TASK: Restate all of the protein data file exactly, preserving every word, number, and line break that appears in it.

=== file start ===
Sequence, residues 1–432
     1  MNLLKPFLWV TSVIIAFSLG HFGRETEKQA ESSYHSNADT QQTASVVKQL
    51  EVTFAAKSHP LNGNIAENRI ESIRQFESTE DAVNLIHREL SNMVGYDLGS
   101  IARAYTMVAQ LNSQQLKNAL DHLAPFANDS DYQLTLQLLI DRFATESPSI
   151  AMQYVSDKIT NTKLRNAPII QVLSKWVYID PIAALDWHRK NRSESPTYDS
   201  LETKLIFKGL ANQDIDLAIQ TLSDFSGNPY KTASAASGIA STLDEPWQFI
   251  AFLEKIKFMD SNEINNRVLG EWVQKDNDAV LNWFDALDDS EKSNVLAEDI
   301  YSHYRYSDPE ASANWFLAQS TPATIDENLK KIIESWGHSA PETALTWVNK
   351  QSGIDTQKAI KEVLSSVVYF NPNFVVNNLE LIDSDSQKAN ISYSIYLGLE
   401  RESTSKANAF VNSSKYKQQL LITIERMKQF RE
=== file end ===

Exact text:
Sequence, residues 1–432
     1  MNLLKPFLWV TSVIIAFSLG HFGRETEKQA ESSYHSNADT QQTASVVKQL
    51  EVTFAAKSHP LNGNIAENRI ESIRQFESTE DAVNLIHREL SNMVGYDLGS
   101  IARAYTMVAQ LNSQQLKNAL DHLAPFANDS DYQLTLQLLI DRFATESPSI
   151  AMQYVSDKIT NTKLRNAPII QVLSKWVYID PIAALDWHRK NRSESPTYDS
   201  LETKLIFKGL ANQDIDLAIQ TLSDFSGNPY KTASAASGIA STLDEPWQFI
   251  AFLEKIKFMD SNEINNRVLG EWVQKDNDAV LNWFDALDDS EKSNVLAEDI
   301  YSHYRYSDPE ASANWFLAQS TPATIDENLK KIIESWGHSA PETALTWVNK
   351  QSGIDTQKAI KEVLSSVVYF NPNFVVNNLE LIDSDSQKAN ISYSIYLGLE
   401  RESTSKANAF VNSSKYKQQL LITIERMKQF RE